Kangaroo Island


When an English backpacker finds work on a remote Australian farm to satisfy her visa obligations, she soon becomes aware of her boss’s fiendish objectives.

KANGAROO ISLAND is a creepy tale about migrant worker exploitation and Australia’s controversial Working Holiday Visa program, that slowly unfolds as a psychological thriller.

After a year in Melbourne, English backpacker Anna decides she loves Australia so extends her visa an extra year. She finds a job on a remote sheep station on Kangaroo Island to do the mandatory 88 days rural work.

Arriving at a tiny, deserted airport, Anna meets her new boss, Trevor. A kind and good-looking guy, Trev makes every effort to ensure Anna’s stay is comfortable. But she’s surprised to discover she’s the only worker on the farm with virtually no means of communicating with the outside world.

Anna becomes wary of Trev when she suspects his tender-heartedness may just be a ruse for a darker character with ulterior motives. Her suspicions are heightened when she’s woken at 2am one night to the sound of farm utes roaring up the driveway. A gang of Trev’s mates have turned up full of drunken bravado, baying for ‘entertainment’ while Anna lies trembling in her bed, dreading how the night might unfold. When Anna finally uncovers the disturbing truth of Trev’s past, her attempts to escape are thwarted with frightening precision. Anna must now become as calculating and villainous as Trev if she’s to find a way of contacting the outside world. Before the psychological abuse turns deadly.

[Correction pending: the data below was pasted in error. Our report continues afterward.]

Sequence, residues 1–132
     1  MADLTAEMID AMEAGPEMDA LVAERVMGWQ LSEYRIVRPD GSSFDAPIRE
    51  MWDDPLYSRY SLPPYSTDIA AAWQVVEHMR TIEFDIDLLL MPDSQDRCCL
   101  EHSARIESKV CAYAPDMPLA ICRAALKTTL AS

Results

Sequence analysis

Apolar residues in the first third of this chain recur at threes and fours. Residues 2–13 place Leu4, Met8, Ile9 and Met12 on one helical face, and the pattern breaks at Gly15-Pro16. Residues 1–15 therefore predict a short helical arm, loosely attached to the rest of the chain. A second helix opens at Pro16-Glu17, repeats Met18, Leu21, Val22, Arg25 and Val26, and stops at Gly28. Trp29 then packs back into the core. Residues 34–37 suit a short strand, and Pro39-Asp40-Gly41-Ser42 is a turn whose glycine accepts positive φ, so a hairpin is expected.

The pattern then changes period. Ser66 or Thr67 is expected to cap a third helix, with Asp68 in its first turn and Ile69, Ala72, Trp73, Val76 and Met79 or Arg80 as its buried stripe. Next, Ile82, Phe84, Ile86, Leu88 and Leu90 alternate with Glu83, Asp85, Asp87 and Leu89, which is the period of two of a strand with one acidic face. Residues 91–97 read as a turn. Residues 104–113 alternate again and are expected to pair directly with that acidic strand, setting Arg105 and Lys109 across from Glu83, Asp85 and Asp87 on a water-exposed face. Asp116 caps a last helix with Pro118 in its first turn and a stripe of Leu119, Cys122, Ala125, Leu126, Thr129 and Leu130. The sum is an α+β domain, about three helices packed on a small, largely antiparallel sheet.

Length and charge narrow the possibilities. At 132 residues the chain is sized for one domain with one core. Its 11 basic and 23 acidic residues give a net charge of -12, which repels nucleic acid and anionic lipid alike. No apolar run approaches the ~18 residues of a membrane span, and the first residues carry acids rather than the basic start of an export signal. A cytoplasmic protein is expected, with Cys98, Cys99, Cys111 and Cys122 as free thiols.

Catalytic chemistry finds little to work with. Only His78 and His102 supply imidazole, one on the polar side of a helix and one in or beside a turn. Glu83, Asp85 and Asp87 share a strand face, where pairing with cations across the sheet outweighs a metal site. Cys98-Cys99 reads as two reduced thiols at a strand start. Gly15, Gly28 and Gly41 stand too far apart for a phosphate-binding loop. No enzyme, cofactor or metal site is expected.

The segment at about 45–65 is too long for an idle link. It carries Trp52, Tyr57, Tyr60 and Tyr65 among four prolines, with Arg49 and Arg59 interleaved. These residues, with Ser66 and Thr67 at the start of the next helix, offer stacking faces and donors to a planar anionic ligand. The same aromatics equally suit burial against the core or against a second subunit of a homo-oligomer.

The film is more than a cautionary tale for the 600,000 backpackers who flock to Australia each year. It also speaks to millions of vulnerable workers world-wide, their trust too often placed in the hands of strangers. The producers will tap that global network to reach an audience of young adults. Genre lovers who go for psych thrillers and horrors with a visceral, heart-pounding sense of danger.

Today’s media is rich with stories of foreign worker abuse, highlighting how topical the subject is. The producers will launch a social media campaign asking backpackers to share their own stories of exploitation, along with our trailer, helping to build a global audience for the film.

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